specialized the equations on the form of the constants


added a special interpolant to it, modified some default magic numbers for adaptivity, etc. to specifically optimize this algorithm. We also have a trait system which for example hard codes specific constants about the stability region necessary for performing stiffness detection and automatic switching to implicit methods. And we did that for a few other RK methods. A lot of these optimizations only truly matter if f is inexpensive, but since that shows up in a lot of cases (parameter estimation and searches, analysis of chaotic systems) we took the time to do this, tested it, and performance-wise would recommend these implementations over the pure tableau-based form. Note that it is mathematically the same method, but this formulation does not require loops over constants and instead is in a form that LLVM optimizes very well. When the equation is small, Julia will in fact in line the user's f derivative function and the solver will construct something entirely different and efficient.

But that's just optimizations and just a DifferentialEquations.jl thing. Explicit RK methods, implicit RK methods, Rosenbrock methods, etc. can all be discussed as methods in a tableau form, and these are all quite good methods. The Tsitorious method which was shown above is actually one of the core defaults of the ecosystem, and a similar method is the Dormand-Prince method which you might know of as ode45. These are still quite state-of-the-art (at least for non-stiff equations, and when paired with PI-adaptivity and their special interpolants). These are the methods you see recommended everywhere, along with a few non-tableau methods like multistep Adams and BDF. Due to the benchmarks we have we recommend the hand-tuned versions, but it's stepping behavior are mathematically the same as if you looped through arrays of constants (sans the specializations on constants and interpolations).

For your aside, our test showed that not every tableau is worth it. Some just aren't efficient. Over time, people have gotten better at choosing coefficients which reduce the leading truncation error term while keeping the stability region the same size. The older methods then take similar steps but result in a solution with more error. We keep them there for research purposes, and also it's a nice archive of the literature since some of those are hard to find.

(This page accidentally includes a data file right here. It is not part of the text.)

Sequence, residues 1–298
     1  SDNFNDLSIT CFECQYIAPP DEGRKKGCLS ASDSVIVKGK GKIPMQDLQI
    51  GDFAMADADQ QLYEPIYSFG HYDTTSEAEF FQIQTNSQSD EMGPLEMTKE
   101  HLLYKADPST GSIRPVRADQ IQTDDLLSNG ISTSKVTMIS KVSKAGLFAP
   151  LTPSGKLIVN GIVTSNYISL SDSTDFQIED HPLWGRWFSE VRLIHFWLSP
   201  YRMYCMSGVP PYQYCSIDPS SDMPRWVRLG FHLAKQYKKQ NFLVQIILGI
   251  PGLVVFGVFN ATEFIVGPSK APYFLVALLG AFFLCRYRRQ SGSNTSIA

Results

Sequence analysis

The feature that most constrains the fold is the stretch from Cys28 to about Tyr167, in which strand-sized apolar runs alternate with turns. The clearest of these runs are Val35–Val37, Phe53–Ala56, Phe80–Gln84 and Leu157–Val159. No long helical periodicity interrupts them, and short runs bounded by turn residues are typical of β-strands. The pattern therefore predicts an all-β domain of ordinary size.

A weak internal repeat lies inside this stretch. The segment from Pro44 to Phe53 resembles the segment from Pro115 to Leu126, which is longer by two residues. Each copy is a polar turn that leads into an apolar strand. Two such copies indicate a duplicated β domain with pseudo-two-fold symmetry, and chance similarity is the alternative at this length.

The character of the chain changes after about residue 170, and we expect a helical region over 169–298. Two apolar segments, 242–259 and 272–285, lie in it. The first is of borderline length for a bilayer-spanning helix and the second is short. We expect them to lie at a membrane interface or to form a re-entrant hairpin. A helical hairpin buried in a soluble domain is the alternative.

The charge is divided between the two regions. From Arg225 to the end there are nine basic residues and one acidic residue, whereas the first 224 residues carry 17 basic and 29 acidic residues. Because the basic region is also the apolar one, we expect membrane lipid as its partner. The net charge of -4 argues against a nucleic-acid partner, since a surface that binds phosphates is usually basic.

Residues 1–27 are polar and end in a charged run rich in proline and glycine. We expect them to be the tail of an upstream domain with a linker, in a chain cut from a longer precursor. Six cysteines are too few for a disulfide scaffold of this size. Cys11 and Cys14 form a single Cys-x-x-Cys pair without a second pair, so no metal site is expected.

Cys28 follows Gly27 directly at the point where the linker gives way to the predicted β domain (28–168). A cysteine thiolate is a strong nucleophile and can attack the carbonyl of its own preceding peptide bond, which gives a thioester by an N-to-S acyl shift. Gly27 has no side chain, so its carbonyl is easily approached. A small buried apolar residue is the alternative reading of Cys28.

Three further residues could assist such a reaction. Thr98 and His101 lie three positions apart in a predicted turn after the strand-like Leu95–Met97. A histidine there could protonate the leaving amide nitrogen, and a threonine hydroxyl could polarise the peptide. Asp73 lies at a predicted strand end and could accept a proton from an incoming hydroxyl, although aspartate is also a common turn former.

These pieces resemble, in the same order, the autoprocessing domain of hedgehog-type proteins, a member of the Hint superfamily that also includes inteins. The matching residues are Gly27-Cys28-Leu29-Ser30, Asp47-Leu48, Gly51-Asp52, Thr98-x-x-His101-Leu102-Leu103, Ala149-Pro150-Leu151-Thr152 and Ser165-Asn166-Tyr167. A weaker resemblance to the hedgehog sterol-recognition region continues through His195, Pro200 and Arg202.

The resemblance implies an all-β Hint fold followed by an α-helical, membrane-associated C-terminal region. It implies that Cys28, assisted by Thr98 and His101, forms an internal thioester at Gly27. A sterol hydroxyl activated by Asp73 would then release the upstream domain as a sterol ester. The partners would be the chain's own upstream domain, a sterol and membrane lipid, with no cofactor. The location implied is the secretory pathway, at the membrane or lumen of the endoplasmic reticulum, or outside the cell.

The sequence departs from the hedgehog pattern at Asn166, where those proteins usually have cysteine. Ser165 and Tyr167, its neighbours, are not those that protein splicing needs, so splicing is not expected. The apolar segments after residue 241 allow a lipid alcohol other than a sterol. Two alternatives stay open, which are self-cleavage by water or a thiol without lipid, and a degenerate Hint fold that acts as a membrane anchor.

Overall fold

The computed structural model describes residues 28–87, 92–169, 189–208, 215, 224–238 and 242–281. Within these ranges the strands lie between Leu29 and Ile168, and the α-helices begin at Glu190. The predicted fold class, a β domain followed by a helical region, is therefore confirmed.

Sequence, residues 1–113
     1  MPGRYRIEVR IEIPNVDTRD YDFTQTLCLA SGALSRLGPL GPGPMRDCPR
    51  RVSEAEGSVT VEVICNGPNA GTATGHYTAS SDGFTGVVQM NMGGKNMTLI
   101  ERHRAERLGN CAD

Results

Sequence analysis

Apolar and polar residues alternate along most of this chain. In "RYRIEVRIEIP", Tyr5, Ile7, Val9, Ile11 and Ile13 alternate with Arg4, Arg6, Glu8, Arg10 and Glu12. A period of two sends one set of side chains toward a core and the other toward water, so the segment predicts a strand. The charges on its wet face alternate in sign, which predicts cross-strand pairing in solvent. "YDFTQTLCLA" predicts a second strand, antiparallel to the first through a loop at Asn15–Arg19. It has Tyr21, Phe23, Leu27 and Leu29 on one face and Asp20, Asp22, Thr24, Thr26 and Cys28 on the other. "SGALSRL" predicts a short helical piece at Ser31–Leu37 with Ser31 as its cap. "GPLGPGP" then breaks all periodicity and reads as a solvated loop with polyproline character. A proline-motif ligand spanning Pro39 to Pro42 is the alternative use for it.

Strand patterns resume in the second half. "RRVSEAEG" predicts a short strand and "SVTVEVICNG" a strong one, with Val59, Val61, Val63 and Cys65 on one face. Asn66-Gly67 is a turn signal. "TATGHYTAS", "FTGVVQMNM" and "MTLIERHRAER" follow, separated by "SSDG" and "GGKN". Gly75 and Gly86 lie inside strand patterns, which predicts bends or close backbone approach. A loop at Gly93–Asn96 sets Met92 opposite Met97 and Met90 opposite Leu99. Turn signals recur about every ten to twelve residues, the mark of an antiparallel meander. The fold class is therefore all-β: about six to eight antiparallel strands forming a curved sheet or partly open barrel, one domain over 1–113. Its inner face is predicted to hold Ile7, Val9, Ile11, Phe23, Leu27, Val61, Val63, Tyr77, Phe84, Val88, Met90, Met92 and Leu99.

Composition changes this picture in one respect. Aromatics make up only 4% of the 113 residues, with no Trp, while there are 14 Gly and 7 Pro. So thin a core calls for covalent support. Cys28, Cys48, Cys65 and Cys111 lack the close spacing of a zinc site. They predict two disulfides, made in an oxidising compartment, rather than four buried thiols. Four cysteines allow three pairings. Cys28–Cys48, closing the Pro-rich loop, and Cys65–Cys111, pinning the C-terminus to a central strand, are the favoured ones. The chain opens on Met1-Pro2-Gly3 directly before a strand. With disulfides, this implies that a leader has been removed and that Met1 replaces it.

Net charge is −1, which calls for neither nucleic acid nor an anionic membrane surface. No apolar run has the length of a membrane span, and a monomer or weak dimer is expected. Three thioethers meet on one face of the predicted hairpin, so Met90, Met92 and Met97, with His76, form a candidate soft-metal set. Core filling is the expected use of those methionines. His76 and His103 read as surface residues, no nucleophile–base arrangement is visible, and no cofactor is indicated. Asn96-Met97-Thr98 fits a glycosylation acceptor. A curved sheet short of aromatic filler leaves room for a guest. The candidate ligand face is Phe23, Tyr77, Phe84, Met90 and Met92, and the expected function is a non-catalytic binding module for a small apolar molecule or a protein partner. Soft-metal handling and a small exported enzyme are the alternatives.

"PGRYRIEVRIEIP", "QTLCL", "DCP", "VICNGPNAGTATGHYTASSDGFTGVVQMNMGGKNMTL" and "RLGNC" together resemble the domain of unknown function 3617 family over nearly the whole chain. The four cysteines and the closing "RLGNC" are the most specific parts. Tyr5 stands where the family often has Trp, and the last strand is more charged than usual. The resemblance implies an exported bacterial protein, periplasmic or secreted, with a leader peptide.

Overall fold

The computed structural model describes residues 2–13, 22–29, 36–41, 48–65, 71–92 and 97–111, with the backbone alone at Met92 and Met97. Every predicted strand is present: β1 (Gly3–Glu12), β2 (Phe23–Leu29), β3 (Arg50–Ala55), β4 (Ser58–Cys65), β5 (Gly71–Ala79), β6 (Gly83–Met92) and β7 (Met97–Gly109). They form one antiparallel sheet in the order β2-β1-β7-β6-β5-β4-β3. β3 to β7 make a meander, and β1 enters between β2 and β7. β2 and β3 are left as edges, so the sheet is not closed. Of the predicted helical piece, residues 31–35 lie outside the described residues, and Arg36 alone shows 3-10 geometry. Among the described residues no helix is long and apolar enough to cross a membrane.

Runge-Kutta methods are arguably the most widely used methods for initial value ODEs (including also PDE semi-discretizations). There are particular types of Runge-Kutta methods that are applicable to virtually every class of initial value problem. They're certainly not just a historical artifact.


DifferentialEquations.jl has the best survey of current solvers. It goes through every option and benchmarks them. Modern RK tableaus are the state-of-the-art in most non-stiff situations. Multistep methods are good with expensive non-stiff functions. For stiff problems, it varies. See:



The two documents occasionally contradict each other, such as recommending different algorithms at order 7 and 8, so you'll have to ask Chris Rackauckas about that (see Chris's comment below for the reason). On the second link, there's an implicit understanding that higher order methods are useful when the desired tolerance shrinks, but also come with speed drawbacks at looser tolerances.

You'll also want to learn about stepsize control since many of the best algorithms rely on it and leave it as a separate problem. DiffEq has this short description but I think the original paper is more understandable.

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    $\begingroup$ The "notes on algorithms" was a literature review which was done without the modern Verner algorithms, so it's all but the modern Verner. Modern Verner perform the best for orders 6-9. Found here people.math.sfu.ca/~jverner $\endgroup$ Commented Sep 28, 2018 at 16:00